In a whirl of its own

A cost effective way to improve compressor performance promises to enhance the power or driveability of cars with turbocharged and supercharged engines.

A cost effective way to improve compressor performance promises to enhance the power or driveability of cars with turbocharged and supercharged engines.

Integral Powertrain’s pre-whirl generator is expected to provide a way of extending the operating range of compressors – the key to ’downsizing’ or making a smaller engine do the job of a larger one – while preserving the economy of the small engine.

Its designers expect pre-whirl to be suited to substituting, say, a 1.4-litre engine for a 2-litre one in a Ford Mondeo-sized car, where much of the initial interest is expected to lie.

The generator system avoids a phenomenon called surge, which affects compressors when a high level of boost and low engine speed coincide. This typically happens if the engine is running at around 1500rpm in top gear and the driver wants to overtake, or entering and leaving roundabouts in third.

A mismatch between the speed and direction of the incoming air and the compressor vanes lead to poor compressor efficiency and reduced boost, perceived by the driver as roughness. As surge worsens, boost can be lost altogether, but compressors for production cars are sized so this never happens.

’Our device allows a compressor which would otherwise be affected by surge to operate with improved efficiency at lower flows,’ said Integral Powertrain technical director Luke Barker. The pre-whirl generator uses a system of helical guide vanes to impart a swirling motion to the air, keeping the relative velocity of air and compressor within acceptable limits.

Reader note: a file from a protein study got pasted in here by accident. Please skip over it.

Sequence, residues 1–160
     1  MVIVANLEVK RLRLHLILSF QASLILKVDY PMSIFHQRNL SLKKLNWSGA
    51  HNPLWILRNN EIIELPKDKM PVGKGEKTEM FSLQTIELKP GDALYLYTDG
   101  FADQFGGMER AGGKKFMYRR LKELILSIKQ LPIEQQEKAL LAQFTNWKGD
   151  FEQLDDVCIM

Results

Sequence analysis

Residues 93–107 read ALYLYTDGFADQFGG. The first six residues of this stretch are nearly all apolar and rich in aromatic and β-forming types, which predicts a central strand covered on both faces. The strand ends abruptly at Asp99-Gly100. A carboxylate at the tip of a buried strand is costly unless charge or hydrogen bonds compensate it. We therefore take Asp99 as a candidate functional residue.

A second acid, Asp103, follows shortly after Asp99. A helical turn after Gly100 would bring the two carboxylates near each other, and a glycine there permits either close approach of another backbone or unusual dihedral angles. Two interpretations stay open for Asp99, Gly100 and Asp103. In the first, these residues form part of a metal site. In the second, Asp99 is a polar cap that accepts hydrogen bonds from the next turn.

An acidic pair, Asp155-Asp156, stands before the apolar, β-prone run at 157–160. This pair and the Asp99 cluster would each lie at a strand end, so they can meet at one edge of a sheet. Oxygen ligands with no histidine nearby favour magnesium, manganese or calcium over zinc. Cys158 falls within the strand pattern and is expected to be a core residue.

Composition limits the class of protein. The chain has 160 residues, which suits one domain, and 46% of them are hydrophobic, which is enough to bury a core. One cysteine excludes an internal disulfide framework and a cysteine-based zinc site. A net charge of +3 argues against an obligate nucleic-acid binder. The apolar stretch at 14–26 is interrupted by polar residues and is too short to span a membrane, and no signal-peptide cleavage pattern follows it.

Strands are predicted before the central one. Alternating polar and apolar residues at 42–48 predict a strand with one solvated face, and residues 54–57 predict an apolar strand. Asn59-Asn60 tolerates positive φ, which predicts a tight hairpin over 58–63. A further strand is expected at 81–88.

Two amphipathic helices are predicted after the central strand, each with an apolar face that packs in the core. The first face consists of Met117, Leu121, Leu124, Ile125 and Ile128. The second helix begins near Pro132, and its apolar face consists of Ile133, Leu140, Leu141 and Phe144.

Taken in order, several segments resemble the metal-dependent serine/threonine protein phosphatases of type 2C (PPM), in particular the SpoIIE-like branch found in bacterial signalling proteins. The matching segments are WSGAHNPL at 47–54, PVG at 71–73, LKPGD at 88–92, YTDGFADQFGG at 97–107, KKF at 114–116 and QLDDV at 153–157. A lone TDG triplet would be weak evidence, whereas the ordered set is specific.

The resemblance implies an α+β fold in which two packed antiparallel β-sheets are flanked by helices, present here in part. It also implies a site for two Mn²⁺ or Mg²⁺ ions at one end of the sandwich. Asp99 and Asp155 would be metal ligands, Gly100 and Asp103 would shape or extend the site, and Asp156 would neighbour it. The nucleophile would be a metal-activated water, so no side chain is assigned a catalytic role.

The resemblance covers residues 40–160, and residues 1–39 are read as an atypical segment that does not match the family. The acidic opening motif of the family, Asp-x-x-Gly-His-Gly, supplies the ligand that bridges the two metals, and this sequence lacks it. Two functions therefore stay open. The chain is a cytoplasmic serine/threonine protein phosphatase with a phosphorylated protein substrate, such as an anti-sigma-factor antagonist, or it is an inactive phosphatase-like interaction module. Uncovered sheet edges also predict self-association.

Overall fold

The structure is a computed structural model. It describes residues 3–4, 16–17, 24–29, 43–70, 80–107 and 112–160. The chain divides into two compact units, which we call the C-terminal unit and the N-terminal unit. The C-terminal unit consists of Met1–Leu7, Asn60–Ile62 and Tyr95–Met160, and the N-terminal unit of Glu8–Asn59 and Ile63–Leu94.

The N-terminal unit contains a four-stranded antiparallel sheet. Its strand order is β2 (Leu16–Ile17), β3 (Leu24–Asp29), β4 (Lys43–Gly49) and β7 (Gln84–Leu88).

The result is either more power with the same driveability, or better driveability with the same power. The efficient operating range of the compressor can be extended by 20 per cent, according to computational fluid dynamics simulations.

’This has been done before but only with complex mechanisms involving moving guide vanes. Our system is very cost-effective, with low pressure losses,’ said Barker.

The solution uses two coaxial air paths. A normal butterfly-type throttle valve switches between them, under control of the enginemanagement system. At high throttle openings the incoming air passes straight into the compressor as normal. At low throttle openings the inner flowpath is blocked and the air is forced down an outer path through the helical guide vanes.

The idea emerged from work the independent consultant was undertaking on a range of diesel boosting solutions. So far Integral Powertrain has optimised the device in CFD but has yet to build a physical prototype. It is now presenting the idea to customers with the aim of collaborating on developing a prototype, which could be done for ’a few thousand pounds’ according to Barker. The technology is simple enough to introduce ’in a model year upgrade’, Barker said. This would allow it to be brought to market within two or three years.

Though the principle could be applied to petrol or diesel engines, Barker said: ’The first application is more likely in a diesel because the power and driveability of diesels are quite limited by the operating range of the compressor.’

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